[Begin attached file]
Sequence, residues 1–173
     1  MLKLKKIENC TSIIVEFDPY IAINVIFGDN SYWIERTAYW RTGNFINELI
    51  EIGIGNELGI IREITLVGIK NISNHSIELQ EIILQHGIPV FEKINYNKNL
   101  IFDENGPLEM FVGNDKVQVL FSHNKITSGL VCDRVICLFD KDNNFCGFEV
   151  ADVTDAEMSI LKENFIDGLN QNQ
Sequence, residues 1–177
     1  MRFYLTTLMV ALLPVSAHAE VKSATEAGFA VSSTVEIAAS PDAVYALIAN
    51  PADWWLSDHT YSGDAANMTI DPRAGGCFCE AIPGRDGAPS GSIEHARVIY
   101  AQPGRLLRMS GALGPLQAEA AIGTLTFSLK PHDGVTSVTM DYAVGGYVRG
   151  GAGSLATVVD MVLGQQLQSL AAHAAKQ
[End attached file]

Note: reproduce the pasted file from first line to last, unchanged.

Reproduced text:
Sequence, residues 1–173
     1  MLKLKKIENC TSIIVEFDPY IAINVIFGDN SYWIERTAYW RTGNFINELI
    51  EIGIGNELGI IREITLVGIK NISNHSIELQ EIILQHGIPV FEKINYNKNL
   101  IFDENGPLEM FVGNDKVQVL FSHNKITSGL VCDRVICLFD KDNNFCGFEV
   151  ADVTDAEMSI LKENFIDGLN QNQ
Sequence, residues 1–177
     1  MRFYLTTLMV ALLPVSAHAE VKSATEAGFA VSSTVEIAAS PDAVYALIAN
    51  PADWWLSDHT YSGDAANMTI DPRAGGCFCE AIPGRDGAPS GSIEHARVIY
   101  AQPGRLLRMS GALGPLQAEA AIGTLTFSLK PHDGVTSVTM DYAVGGYVRG
   151  GAGSLATVVD MVLGQQLQSL AAHAAKQ